Michigan coach Erik Bakich’s motto of “You can’t get hot if you don’t start cold” might need to change soon, should a proposal he’s spearheading to change the structure of college baseball be accepted.
The proposal, penned by Bakich and several other prominent coaches, and released on May 21, is still in its infancy and has yet to be formally presented to NCAA legislators. However, Bakich feels optimistic that it will be met with a positive response by the NCAA because Michigan Athletic Director Warde Manuel has been very supportive of his ideas.
This proposal hopes to solve many problems within college baseball, especially in the wake of COVID-19, by limiting the budget damage of an incredibly expensive program to operate and helping athletes thrive both on and off the field.
The proposal aims to push back opening day by four weeks, from mid-February to mid-March, allowing northern schools like Michigan to start their season by playing home games, instead of spending their first month on the road. This change would come with a corresponding extension four weeks later into summer — with the Men’s College World Series ending in mid-July.
This is not a new concept, and different ideas of pushing back the college baseball season have existed for years. But with the impending financial burdens due to COVID-19, this proposal not only makes sense for cold-weather schools, but for warm-weather ones as well.
A major impetus for this proposal is the large amount of money that can be saved by eliminating the early season road trips consistently taken by northern teams. Additionally, warm-weather schools won’t need to hand out hefty financial guarantees in order to make the travel feasible for the cold-weather schools.
“Athletic directors and administrators around the country have a concept of more regionalized scheduling, not just in baseball, but among a lot of teams,” Bakich said in a video press conference. “(This would help by) cutting down travel budgets, improving student welfare by not taking these long trips and jeopardizing their academics and missed class time.”
Over the last five years, Michigan spent on average $232,000 on travel costs during the first four weekends of the season. Should the proposal pass, Michigan could add eight to 12 home games each season, which would save approximately $60,000 to $75,000 per season.
“It’s going to be really hard to invest in a sport that loses money every year that operates at such a significant financial net loss,” Bakich said. “And I’m not talking about a loss of 100,000 bucks. I’m talking about seven figures of net loss.”
The benefits for cold weather schools are obvious, but Bakich emphasized in the proposal how the schedule change would help warm weather schools as well. According to the data presented in the proposal, teams across the country have much higher attendance in April and May as opposed to February and March — due to both poor weather and the finale of the basketball seasons.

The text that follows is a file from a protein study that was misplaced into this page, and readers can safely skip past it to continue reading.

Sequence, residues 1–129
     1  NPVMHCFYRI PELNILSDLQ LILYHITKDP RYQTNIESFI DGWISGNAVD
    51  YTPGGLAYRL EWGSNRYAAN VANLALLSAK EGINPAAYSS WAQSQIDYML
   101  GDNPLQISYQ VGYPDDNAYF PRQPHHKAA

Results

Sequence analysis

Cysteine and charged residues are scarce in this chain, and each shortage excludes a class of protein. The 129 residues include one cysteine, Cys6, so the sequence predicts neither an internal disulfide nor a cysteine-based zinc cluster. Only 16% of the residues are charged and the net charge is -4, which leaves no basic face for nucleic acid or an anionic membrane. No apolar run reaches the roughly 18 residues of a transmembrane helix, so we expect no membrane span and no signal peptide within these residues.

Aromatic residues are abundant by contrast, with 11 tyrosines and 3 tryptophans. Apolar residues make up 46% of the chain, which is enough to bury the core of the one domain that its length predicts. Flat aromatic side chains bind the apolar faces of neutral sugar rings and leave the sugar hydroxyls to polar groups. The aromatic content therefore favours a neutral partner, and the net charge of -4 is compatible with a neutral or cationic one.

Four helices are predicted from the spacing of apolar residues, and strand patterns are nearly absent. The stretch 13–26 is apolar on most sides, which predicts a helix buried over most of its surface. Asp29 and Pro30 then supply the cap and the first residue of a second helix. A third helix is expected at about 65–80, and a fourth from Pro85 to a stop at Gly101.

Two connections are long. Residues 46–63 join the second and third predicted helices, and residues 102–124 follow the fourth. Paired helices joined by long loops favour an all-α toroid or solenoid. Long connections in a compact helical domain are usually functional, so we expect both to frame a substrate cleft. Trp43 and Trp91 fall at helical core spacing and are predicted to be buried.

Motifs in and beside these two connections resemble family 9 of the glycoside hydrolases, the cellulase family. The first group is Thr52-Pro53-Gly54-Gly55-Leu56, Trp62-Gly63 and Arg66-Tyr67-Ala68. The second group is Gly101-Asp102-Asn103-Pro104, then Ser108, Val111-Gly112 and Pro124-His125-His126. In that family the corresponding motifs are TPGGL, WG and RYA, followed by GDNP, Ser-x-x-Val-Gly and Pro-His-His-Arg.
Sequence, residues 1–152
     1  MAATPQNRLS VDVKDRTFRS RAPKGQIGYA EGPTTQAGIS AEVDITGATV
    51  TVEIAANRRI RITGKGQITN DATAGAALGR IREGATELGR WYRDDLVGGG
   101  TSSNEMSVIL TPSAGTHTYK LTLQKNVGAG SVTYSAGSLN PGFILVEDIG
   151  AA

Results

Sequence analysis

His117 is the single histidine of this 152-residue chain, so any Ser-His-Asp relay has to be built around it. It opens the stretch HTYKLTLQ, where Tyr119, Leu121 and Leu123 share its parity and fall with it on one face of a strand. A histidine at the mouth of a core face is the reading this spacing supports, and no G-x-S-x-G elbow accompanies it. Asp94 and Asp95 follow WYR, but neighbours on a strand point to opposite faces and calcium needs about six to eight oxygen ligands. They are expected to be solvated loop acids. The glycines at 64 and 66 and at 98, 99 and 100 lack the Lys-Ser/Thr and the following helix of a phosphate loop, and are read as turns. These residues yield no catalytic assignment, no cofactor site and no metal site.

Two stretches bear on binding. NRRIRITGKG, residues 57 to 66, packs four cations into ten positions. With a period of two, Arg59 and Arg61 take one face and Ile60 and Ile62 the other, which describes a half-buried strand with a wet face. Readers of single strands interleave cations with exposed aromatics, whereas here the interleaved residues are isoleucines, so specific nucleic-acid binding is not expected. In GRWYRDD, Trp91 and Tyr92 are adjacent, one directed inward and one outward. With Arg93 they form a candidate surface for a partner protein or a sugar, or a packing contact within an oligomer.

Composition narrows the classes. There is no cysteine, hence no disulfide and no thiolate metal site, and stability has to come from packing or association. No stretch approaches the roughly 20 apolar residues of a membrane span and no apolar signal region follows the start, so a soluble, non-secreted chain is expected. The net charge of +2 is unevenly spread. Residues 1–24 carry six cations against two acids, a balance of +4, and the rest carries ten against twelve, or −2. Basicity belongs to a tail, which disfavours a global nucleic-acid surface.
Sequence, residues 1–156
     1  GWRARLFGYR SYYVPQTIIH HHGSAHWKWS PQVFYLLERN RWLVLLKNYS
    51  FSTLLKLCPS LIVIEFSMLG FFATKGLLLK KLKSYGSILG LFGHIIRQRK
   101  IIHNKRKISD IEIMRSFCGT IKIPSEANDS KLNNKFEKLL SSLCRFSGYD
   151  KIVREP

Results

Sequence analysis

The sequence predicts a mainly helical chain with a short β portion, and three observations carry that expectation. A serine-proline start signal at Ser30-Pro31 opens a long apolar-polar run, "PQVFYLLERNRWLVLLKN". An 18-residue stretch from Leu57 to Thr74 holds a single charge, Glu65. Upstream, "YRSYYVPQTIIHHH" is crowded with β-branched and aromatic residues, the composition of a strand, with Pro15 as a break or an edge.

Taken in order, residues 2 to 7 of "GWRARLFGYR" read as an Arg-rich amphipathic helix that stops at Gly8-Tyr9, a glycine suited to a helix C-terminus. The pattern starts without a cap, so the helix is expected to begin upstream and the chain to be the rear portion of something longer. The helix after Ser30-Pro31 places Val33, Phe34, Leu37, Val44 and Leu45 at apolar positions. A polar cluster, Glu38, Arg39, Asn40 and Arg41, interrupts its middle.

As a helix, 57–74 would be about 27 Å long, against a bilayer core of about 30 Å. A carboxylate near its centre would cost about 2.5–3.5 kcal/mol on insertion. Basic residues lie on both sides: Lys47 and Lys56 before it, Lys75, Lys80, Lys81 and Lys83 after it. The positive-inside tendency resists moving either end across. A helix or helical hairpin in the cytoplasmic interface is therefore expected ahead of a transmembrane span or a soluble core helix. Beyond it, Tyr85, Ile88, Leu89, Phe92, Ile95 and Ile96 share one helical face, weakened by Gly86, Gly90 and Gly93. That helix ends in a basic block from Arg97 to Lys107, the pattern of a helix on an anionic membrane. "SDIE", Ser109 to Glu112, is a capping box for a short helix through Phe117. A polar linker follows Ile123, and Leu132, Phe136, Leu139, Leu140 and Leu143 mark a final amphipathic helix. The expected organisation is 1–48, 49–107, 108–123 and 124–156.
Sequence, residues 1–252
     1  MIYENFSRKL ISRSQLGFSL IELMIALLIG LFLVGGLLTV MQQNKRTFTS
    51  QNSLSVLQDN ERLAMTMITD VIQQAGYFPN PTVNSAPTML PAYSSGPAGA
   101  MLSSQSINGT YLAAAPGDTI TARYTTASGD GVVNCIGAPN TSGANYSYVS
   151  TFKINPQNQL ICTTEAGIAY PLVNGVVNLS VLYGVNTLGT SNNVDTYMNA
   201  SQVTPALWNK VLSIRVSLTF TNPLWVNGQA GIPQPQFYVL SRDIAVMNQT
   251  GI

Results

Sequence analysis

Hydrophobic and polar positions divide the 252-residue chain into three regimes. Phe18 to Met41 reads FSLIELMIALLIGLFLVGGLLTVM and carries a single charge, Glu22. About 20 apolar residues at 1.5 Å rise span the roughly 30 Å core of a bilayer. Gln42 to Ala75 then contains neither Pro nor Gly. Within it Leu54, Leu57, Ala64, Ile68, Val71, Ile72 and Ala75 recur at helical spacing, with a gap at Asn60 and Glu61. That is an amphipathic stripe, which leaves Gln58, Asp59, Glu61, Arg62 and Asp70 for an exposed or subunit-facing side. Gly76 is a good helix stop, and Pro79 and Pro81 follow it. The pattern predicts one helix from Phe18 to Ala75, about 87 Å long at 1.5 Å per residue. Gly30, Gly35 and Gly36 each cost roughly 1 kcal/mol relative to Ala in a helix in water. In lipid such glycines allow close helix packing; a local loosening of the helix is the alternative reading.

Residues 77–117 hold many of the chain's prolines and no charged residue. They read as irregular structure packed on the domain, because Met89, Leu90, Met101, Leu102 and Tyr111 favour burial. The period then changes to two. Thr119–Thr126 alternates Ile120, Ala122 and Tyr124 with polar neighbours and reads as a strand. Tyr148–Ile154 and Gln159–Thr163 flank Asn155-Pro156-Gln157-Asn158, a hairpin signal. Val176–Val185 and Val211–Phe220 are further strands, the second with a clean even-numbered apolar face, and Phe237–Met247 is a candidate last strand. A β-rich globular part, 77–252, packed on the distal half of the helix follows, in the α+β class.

For Michigan, Ray Fisher Stadium rarely reaches capacity until late April and May, when students have already left and there’s only a couple more weeks left in the season. Bakich argues that even the general baseball fan and families, which make up most of the attendance at games and subsequently the revenue, don’t associate baseball season until the beginning of the MLB season.
The financial aspect of this proposal has helped it earn attention, but Bakich emphasized that Michigan players, and players across the country, stand to gain from this academically and in terms of their overall well-being.
Michigan, for example, will benefit from fewer early-season road trips because their student-athletes won’t have to miss classes and won’t have the same level of stress on their bodies from travelling.
With a pushed back start date, players will also have more time to properly condition their bodies leading up to the season, leading to fewer injuries.
“Student welfare should be enough to stand alone and make it pass,” Bakich said. “But now that you have finances attached to it that has real traction with athletic departments and athletic directors and administrators looking for ways to improve their bottom lines.”
Student-athletes would lose four more weeks of their summer with the proposed schedule, but it allows players to have a longer off-season in the fall, which would benefit their academics greatly.
The change in off-season would also affect coaches’ recruiting calendars. Coaches typically focus their recruiting efforts through the duration of the summer and many expressed their concerns about how the change in schedule would affect their recruiting ability.
However, Bakich said that the teams that make postseason runs, and thus would lose most of their summer, would actually benefit from the exposure they receive. Bakich found TV exposure was more beneficial than time spent on the recruiting trail.
Having discussed the proposal with the team’s upperclassmen, Bakich is optimistic about their response and those of other players around the country and hopes it will translate to the decision makers in the NCAA.
“(The players) were very, very excited about it, as they should be,” Bakich said. “As a cold weather team, not that we need the season moved back to have any type of success, but the idea of packing Ray Fisher stadium with a game in June… would be so awesome.”
Bakich and the other coaches that created this proposal set an aggressive timeline to implement these changes, hoping for them to be put in place before the 2022 season.